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Multicentric Castleman Disease, Kaposi Sarcoma, Hemophagocytic Syndrome, and a Novel HHV8-Lymphoproliferative Disorder

The AIDS ReaderThe AIDS Reader Vol 17 No 12
Volume 17
Issue 12

Human herpesvirus 8 (HHV8) is associated with Kaposi sarcoma (KS) and 4 lymphoproliferative disorders: multicentric Castleman disease, primary effusion lymphoma, B-cell plasmablastic lymphoma, and germinotrophic lymphoproliferative disorder.

Human herpesvirus 8 (HHV8) is associated with Kaposi sarcoma (KS) and 4 lymphoproliferative disorders: multicentric Castleman disease, primary effusion lymphoma, B-cell plasmablastic lymphoma, and germinotrophic lymphoproliferative disorder.1-4 Presented here is a patient who had multicentric Castleman disease, KS, hemophagocytic syndrome, and a newly described lymphoproliferative disorder.5

A 45-year-old man presented with tender, generalized lymphadenopathy; fatigue; and fevers (temperature to 40.6°C [105°F]). His history was significant for injection drug use, homosexual contact, and hepatitis C. He was HIV-positive, and HIV-1 polymerase chain reaction (PCR) assay showed an HIV RNA level of more than 100,000 copies/mL. His CD4+ cell count was 64/µL. The patient began antiretroviral therapy with efavirenz, tenofovir, and emtricitabine, and for opportunistic infection prophylaxis, he began a regimen of trimethoprim/sulfamethoxazole. After 2 months, his HIV RNA level dropped to 1894 copies/mL and by 4 months, his CD4+ cell count was 379/µL.

Five months after beginning antiretroviral therapy, his fevers and fatigue returned. On physical examination, the patient had cervical, inguinal, and supraclavicular lymphadenopathy and massive splenomegaly. CT scans of the chest, abdomen, and pelvis revealed diffuse lymphadenopathy and hepatosplenomegaly (Figures 1 and 2). Results of lymph node biopsies to evaluate for lymphoma, infection, and immune reconstitution inflammatory syndrome showed follicular lymphoid hyperplasia with plasma cell differentiation. Given these findings, a diagnosis of immune reconstitution inflammatory syndrome was made, and the patient began taking prednisone 1 mg/kg. However, because of progressive malaise, fevers, weight loss, and dyspnea, the patient was hospitalized.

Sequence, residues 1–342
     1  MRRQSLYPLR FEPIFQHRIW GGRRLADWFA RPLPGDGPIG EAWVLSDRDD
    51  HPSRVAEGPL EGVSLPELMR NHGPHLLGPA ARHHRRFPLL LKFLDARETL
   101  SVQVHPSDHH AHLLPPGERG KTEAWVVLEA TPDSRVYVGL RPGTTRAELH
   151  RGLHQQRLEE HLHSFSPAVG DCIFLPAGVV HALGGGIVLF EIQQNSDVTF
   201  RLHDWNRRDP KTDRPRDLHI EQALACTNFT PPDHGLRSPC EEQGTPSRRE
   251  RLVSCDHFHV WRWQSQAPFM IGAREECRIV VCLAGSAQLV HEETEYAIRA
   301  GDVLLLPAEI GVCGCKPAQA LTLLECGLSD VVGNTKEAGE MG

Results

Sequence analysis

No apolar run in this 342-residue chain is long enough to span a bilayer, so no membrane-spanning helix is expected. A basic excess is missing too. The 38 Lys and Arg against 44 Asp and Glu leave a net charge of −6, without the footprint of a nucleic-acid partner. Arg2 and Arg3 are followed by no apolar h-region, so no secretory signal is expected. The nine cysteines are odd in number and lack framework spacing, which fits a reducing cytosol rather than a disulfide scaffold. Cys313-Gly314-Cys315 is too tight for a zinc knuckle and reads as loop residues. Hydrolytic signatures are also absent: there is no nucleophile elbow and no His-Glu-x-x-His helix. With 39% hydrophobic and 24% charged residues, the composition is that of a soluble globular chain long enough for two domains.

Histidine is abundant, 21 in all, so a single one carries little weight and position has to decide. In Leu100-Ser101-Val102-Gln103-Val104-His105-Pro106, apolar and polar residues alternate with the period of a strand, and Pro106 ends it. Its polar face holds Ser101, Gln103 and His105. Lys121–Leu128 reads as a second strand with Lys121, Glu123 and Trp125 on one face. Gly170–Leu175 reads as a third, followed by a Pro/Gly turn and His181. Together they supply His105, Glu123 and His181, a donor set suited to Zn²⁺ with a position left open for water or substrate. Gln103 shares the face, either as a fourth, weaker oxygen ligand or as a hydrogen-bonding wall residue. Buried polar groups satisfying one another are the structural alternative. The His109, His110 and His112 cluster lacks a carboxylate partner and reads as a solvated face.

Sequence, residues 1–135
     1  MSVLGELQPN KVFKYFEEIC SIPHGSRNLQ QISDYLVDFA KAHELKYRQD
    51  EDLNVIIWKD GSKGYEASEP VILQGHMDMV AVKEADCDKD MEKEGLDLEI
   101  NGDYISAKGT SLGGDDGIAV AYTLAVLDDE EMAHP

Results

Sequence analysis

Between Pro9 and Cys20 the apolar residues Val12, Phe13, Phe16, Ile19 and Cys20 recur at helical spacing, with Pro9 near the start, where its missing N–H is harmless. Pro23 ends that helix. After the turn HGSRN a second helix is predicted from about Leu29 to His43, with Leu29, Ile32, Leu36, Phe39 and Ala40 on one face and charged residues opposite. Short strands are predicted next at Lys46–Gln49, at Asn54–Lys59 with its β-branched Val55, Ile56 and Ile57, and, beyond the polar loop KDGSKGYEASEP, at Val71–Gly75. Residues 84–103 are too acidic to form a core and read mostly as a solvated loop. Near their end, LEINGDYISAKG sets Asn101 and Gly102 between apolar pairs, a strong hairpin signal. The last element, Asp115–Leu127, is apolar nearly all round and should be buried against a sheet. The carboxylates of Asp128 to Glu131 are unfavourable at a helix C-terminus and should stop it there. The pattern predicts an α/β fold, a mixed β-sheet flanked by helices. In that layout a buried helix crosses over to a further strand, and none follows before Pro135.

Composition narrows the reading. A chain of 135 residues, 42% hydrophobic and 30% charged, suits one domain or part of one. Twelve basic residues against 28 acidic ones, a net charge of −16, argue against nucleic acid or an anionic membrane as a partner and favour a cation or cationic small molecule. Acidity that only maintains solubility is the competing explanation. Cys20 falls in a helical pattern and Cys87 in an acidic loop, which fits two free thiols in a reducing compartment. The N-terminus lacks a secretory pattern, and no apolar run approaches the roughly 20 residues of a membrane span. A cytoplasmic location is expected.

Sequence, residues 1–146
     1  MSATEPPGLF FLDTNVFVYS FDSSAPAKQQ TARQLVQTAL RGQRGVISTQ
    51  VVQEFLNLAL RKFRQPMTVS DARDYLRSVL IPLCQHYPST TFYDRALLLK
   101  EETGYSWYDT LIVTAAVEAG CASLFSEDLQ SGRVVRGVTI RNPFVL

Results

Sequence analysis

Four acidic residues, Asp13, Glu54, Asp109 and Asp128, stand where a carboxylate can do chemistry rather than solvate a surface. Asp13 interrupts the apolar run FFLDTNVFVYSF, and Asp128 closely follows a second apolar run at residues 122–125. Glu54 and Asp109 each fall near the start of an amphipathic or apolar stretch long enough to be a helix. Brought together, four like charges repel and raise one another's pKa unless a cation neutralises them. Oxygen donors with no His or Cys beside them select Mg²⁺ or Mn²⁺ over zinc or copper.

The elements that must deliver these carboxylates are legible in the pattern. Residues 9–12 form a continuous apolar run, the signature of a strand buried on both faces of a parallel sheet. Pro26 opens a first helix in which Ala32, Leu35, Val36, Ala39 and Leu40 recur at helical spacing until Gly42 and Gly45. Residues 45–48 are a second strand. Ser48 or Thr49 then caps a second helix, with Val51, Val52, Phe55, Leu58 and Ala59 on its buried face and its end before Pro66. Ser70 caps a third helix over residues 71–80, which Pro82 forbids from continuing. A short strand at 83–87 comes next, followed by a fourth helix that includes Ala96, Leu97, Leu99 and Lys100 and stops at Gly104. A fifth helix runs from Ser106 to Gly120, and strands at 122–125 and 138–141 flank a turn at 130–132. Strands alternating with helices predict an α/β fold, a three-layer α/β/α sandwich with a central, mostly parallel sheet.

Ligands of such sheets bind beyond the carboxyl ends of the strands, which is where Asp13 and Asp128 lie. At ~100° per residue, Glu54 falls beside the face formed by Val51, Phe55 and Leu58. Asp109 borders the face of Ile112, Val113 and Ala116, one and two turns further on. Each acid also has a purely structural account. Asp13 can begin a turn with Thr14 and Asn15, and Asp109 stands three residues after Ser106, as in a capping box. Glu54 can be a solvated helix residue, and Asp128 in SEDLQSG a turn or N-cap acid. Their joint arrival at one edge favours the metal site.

Figure 1.
A CT scan demonstrating axillary and mediastinal lymphadenopathy.

Figure 2. A CT scan showing splenomegaly and retroperitoneal lymphadenopathy.

On admission, he had profound anemia and thrombocytopenia. Laboratory tests yielded the following results: hemoglobin, 7.4 g/dL (normal, 13.5 to 16.0); hematocrit, 21.8% (normal, 37% to 47%); mean corpuscular volume, 83.3 fL (normal, 80 to 98); and platelet count, 81,000/µL (normal, 150,000 to 450,000). The white blood cell count was 5600/µL (normal, 3500 to 11,000), with 74.5% segmented forms (normal, 37% to 75%), 20.4% lymphocytes (normal, 12% to 50%), 4.8% monocytes (normal, 0% to 15%), 0.1% eosinophils (normal, 0% to 7%), and 0.2% basophils (normal, 0% to 2%). The reticulocyte count was 4% (normal, 0.5% to 2.2%), with an absolute count of 68,000/µL (normal, 25,000 to 100,000).

A peripheral smear showed normocytic red cells and little polychromatophilia. There were no spherocytes, schistocytes, or blister cells. A bone marrow biospy specimen showed a hypercellular marrow with trilineage hematopoiesis. There was erythroid hyperplasia, megakaryocytic hyperplasia, and a focal collection of lymphocytes. Plasma cells composed 11% of nucleated cells in the bone marrow aspirate. Iron stores were increased, and sideroblasts were less than 2%. There was no evidence of tumor, lymphoma, granuloma, or fibrosis. Stains were negative for acid-fast organisms. Subsequent cultures of bone marrow showed no growth of bacteria, mycobacteria, or fungi.

Despite blood product support, the cytopenias persisted. Treatment with intravenous methylprednisolone was initiated for symptom control. On review of the case and pathological specimens, the possibility of multicentric Castleman disease was considered.1 Immunohistochemical stain of a lymph node biopsy specimen and PCR assay of peripheral blood were positive for HHV8, which is consistent with the diagnosis of multicentric Castleman disease.6 Further, PCR assay revealed active Epstein-Barr virus (EBV) infection in the lymph node biopsy specimen. Ganciclovir treatment was started at a dosage of 400 mg IV every 12 hours for 1 week.7 The antiretroviral regimen was switched to lopinavir, ritonavir, tenofovir, and emtricitabine to optimize anti-HHV8 activity.8 After 3 weeks of hospitalization without improvement, a single 787-mg dose of rituximab was administered.9,10